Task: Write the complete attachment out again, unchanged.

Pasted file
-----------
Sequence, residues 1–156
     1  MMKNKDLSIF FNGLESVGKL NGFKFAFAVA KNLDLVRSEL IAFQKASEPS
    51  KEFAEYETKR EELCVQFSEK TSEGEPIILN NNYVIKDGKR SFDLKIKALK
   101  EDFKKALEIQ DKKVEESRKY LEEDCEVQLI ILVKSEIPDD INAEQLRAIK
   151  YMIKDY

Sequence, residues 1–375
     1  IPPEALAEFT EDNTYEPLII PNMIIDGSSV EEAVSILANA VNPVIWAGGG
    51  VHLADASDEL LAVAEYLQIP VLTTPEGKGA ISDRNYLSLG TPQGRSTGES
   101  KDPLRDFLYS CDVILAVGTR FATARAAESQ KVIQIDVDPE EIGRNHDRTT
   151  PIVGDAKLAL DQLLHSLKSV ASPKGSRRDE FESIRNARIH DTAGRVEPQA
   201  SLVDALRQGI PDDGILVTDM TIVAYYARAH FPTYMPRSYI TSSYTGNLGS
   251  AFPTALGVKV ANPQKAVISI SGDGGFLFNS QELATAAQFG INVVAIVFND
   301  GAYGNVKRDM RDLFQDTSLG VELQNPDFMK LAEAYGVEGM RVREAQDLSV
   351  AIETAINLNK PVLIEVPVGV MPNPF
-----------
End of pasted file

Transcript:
Sequence, residues 1–156
     1  MMKNKDLSIF FNGLESVGKL NGFKFAFAVA KNLDLVRSEL IAFQKASEPS
    51  KEFAEYETKR EELCVQFSEK TSEGEPIILN NNYVIKDGKR SFDLKIKALK
   101  EDFKKALEIQ DKKVEESRKY LEEDCEVQLI ILVKSEIPDD INAEQLRAIK
   151  YMIKDY

Sequence, residues 1–375
     1  IPPEALAEFT EDNTYEPLII PNMIIDGSSV EEAVSILANA VNPVIWAGGG
    51  VHLADASDEL LAVAEYLQIP VLTTPEGKGA ISDRNYLSLG TPQGRSTGES
   101  KDPLRDFLYS CDVILAVGTR FATARAAESQ KVIQIDVDPE EIGRNHDRTT
   151  PIVGDAKLAL DQLLHSLKSV ASPKGSRRDE FESIRNARIH DTAGRVEPQA
   201  SLVDALRQGI PDDGILVTDM TIVAYYARAH FPTYMPRSYI TSSYTGNLGS
   251  AFPTALGVKV ANPQKAVISI SGDGGFLFNS QELATAAQFG INVVAIVFND
   301  GAYGNVKRDM RDLFQDTSLG VELQNPDFMK LAEAYGVEGM RVREAQDLSV
   351  AIETAINLNK PVLIEVPVGV MPNPF